"I slept not at all that night because of thy love, O my God, flowed in me like delicious oil, and burned as a fire which was going to destroy all that was left of self in an instant."

Although she was only 20 years old when she discovered Christ in her heart, these words characterize the tone of her whole life from that point on with little fluctuation.

A burning, almost mystical awareness of the love of Christ, permeates all that she experienced. In court, in the business world, in prison, in church, the love of Christ pre-occupied Madame Guyon whatever else might be happening around her.

She devoted herself to intense prayers of adoration and to charitable works: founding hospitals, giving scholarships, building churches, funding monasteries and convents, caring for individuals poor families. Her giving to the poor became so extensive that she had to hire a steward to disperse gifts anonymously -- but at the same time she often washed infected sores and soldier's wounds with her own hands.

 Her parents died leaving her a title and a fortune of her own. Two of her children also died. Then in 1676, her husband died after a lengthy illness leaving the 28-year-old widow with incredible wealth and vast estates to manage.

For a time she considered becoming a nun, entering a convent or going to China as a missionary, but she realized that huge numbers of people depended on her employing them on her various estates for their only income to support their families. She felt that managing these estates was a God appointed responsibility though she preferred to devote herself to prayers of adoration.

Among the problems her husband left when he died was a decision on a complicated lawsuit which involved 22 different claimants and their lawyers trying to divide income from one estate. They all had appealed to him for urgent judgment and the decision about the settlement fell on the young widow's shoulders.

She prayed for divine guidance in the business.

"I shut myself up in my closet about thirty days, not going out at all except to my meals and to religious worship," she said. "I at length completed the examination, formed my opinion upon the subject, and drew it up in writing. The parties were summoned together; and without reading it or knowing what my decision was, they accepted it and signed it. I afterwards learned that they were so well pleased with what I had done, that they not only commended it much, but published it abroad everywhere. The hand of the Lord was in it. It was God who gave me wisdom".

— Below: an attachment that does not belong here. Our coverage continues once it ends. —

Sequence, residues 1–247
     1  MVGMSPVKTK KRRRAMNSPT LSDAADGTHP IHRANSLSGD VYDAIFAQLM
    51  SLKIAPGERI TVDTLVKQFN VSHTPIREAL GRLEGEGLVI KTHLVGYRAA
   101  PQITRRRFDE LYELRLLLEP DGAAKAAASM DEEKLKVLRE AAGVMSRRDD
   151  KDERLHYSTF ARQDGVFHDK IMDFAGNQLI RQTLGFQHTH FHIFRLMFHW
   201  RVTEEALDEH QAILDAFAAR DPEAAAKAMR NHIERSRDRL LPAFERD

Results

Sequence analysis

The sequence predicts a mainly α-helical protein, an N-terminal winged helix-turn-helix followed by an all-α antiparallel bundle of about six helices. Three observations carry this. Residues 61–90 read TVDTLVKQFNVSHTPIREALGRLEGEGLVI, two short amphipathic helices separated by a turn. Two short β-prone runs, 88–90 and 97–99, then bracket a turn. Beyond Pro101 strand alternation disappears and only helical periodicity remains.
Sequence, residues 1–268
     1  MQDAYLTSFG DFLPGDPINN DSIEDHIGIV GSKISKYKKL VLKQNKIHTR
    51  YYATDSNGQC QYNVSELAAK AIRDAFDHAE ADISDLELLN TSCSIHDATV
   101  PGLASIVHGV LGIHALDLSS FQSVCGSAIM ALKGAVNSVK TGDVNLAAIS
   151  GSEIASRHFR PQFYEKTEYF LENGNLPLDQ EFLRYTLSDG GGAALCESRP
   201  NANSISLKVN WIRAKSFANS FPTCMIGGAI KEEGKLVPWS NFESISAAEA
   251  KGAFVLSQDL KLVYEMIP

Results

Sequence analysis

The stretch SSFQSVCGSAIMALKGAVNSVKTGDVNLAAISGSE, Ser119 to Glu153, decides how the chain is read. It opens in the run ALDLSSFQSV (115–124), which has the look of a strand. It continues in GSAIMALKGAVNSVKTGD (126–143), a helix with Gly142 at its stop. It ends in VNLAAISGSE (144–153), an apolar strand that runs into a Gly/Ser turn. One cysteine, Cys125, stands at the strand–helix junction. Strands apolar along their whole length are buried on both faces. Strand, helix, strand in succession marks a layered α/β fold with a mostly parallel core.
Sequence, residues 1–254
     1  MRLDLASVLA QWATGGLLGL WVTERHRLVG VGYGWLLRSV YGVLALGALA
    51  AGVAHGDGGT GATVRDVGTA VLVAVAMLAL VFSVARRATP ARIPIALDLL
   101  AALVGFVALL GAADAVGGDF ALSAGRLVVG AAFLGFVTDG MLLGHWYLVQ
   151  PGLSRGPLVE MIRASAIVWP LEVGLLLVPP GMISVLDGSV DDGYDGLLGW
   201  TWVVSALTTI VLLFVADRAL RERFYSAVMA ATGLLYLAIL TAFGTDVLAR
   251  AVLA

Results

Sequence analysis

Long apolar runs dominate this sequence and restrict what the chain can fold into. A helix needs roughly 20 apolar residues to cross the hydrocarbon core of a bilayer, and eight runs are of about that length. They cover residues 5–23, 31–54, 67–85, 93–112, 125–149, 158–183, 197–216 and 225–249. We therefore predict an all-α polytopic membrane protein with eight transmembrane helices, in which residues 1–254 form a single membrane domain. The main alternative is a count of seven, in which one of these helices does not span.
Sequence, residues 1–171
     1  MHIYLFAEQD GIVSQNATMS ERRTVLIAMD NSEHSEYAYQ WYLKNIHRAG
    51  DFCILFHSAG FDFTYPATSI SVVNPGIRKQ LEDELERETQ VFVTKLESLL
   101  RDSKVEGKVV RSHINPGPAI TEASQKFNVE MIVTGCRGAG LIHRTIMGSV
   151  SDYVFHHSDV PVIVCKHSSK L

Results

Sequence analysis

While noted for her business acumen on one level, Madame Guyon's prayers led her into states of religious rapture on another. These two elements combine in a contract which she renewed yearly on the anniversary date of her religious conversion:

"I henceforth take Jesus Christ to be mine. I promise to receive Him as a husband to me. And I give myself to Him, unworthy though I am, to be His spouse. I ask of Him, in this marriage of spirit with spirit, that I may be of the same mind with Him -- meek, pure, nothing in myself, and united in God's will. And, pledged as I am to be His, I accept as part of my marriage portion, the temptations and sorrows, the crosses and the contempt which fell to Him.          --- Jeanne M.B. de la Mothe Guyon, Sealed with her ring."

 This document contains several key clauses which show up again and again in her life: being of the same mind with Christ, being meek and pure, being nothing in herself, being united in God's will, bearing crosses and contempt.

Madame Guyon became noted as a leading figure in a Christian movement called Quiteism. Essentially, she recognized that God is all; nothing else counts. She felt so identified with his will and his love that no lesser thing deserved her attention. A person in love thinks about the beloved all the time, no matter what else is going on.

An extreme example: Once when traveling with a party of other lords and ladies by carriage near a flooding river, the bank caved in sweeping the road away. The carriage overturned in the flood and began sinking. Drowning horses screamed kicking and struggling in the water. Footmen, coachmen, lords and ladies scrambled for safety. "Others threw themselves out of the carriage in excessive fright," she said. "But I found my thoughts so much taken up with God, that I had no distinct sense of the danger to which we were really exposed. God, to whom my mind was inwardly drawn, delivered me from the perils to which we were exposed, with scarcely a thought on my part of avoiding them... In this state of mind, I can not fail to be content in the trials which He sees fit to send upon me. In the spirit of acquiescence in God's will, I would rather endure them all my life long, than put an end to them in a dependence on myself."

Would almighty God get upset and panic over a minor incident like a traffic accident, she reasoned?

Then why should a person attuned to his mind and will be concerned? She had something more important to think about than a carriage accident: her adoration of the Living Christ.

She enjoyed God so much that she attempted to stifle her own will and live totally in accord with His. "When two well-tuned lutes are in perfect concert, that which is not touched renders the same sound as that which is touched," she said explaining how she felt about God's will. "There is the same spirit in both, the same sound, one pure harmony. It was thus that my will seemed to be in harmony with God's will...

"The soul must submit itself to be conducted, from moment to moment, by the Divine hand; and to be annihilated, as it were, by the strokes of His providence without complaining, or desiring anything besides what it now has...

"But the misfortune is that people wish to direct God instead of resigning themselves to be directed by Him. We wish to take the lead, and to follow in a way of their own selection instead of submissively and passively following where God sees fit to conduct them. And hence it is, that many souls who are called to the enjoyment of God himself and mot merely to the  gifts of God, spend all their lives in pursuing and in feeding on little consolations," she said.